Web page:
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William Shakespeare (1564–1616).  The Oxford Shakespeare: Poems.  1914.

Sonnet XCII.

“But do thy worst to steal thyself away”


BUT do thy worst to steal thyself away 
For term of life thou art assured mine; 
And life no longer than thy love will stay, 
For it depends upon that love of thine. 
Then need I not to fear the worst of wrongs,         5
When in the least of them my life hath end. 
I see a better state to me belongs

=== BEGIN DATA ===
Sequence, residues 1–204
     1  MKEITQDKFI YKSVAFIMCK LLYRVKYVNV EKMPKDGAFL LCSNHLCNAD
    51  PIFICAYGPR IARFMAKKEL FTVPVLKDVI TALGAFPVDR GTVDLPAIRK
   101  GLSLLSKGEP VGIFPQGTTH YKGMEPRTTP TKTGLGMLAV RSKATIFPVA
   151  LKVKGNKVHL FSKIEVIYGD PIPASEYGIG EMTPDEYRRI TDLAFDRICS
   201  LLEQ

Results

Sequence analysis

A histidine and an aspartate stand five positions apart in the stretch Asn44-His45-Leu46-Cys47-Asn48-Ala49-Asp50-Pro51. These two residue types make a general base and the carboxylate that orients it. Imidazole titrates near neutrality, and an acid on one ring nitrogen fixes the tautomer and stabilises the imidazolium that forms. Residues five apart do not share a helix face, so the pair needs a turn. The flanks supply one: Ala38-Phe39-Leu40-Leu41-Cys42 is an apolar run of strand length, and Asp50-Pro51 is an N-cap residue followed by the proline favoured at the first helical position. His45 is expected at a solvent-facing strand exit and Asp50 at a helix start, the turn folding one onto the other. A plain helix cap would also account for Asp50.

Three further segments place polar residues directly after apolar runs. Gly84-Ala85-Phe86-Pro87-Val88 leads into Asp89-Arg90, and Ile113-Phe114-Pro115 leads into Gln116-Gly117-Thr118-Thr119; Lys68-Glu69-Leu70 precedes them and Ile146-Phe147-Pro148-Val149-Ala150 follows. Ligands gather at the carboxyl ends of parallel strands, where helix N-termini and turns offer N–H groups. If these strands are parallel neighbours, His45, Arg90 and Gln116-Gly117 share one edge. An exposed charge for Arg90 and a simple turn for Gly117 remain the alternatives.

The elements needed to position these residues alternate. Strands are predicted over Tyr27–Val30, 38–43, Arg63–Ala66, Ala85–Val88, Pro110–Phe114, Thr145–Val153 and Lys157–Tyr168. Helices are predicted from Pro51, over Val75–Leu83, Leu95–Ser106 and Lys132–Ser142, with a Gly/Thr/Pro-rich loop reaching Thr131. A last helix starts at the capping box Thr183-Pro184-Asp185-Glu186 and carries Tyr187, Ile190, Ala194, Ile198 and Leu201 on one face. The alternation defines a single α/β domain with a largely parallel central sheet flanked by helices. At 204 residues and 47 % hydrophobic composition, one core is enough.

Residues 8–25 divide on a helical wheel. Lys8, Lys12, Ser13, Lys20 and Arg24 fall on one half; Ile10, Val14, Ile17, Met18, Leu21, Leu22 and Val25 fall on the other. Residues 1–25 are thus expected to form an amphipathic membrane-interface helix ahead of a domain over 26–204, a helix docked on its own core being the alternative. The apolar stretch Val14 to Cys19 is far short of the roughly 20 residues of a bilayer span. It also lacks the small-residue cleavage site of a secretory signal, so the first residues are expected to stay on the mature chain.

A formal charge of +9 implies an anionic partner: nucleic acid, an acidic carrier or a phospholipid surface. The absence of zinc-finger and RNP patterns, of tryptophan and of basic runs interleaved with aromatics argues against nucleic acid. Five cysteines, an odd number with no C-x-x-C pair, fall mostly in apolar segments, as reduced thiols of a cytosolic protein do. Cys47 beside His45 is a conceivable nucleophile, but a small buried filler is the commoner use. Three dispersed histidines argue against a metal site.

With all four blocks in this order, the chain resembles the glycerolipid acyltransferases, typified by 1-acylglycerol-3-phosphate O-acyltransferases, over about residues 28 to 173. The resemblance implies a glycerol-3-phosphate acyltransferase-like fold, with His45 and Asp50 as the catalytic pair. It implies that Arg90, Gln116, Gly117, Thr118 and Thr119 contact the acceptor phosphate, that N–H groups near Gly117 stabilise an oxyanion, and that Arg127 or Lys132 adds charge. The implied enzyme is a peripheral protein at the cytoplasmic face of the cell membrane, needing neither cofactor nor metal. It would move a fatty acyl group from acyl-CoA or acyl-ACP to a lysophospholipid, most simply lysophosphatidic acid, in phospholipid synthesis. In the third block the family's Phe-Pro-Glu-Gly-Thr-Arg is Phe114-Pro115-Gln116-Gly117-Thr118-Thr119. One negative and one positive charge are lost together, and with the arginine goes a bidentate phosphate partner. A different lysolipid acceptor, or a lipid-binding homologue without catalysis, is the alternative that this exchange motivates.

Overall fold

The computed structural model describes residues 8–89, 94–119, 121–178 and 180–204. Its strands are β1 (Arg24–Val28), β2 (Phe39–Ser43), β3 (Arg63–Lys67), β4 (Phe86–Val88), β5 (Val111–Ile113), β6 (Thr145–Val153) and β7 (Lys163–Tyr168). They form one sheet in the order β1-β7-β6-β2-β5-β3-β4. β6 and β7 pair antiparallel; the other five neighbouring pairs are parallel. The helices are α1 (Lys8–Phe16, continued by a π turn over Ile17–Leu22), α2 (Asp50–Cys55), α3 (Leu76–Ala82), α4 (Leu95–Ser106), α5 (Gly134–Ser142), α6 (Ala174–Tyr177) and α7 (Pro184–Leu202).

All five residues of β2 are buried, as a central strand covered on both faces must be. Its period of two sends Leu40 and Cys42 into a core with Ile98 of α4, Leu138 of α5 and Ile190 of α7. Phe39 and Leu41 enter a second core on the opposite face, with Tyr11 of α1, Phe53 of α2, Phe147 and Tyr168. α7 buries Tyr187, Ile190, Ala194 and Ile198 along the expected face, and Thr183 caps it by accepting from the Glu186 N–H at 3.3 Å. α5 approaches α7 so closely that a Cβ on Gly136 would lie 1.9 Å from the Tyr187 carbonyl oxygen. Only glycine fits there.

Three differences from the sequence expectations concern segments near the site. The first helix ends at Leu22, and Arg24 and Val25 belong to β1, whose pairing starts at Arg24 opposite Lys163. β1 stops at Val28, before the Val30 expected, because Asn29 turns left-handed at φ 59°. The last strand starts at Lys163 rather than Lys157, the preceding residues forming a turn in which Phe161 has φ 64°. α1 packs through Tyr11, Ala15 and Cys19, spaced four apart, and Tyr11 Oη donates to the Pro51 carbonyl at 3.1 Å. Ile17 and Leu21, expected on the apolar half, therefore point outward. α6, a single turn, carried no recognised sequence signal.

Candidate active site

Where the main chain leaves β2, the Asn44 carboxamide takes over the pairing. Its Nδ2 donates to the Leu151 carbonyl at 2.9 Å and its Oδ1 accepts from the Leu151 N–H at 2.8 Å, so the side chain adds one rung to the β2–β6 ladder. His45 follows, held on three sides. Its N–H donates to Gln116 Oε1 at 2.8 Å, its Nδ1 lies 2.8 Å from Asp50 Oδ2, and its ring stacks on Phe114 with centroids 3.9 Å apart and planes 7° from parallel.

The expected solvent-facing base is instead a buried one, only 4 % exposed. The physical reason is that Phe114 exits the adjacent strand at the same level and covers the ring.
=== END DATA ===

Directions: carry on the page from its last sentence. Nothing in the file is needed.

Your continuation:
Than that which on thy humour doth depend: 
Thou canst not vex me with inconstant mind, 
Since that my life on thy revolt doth lie.  10
O! what a happy title do I find, 
Happy to have thy love, happy to die: 
  But what ’s so blessed-fair that fears no blot? 
  Thou mayst be false, and yet I know it not. 


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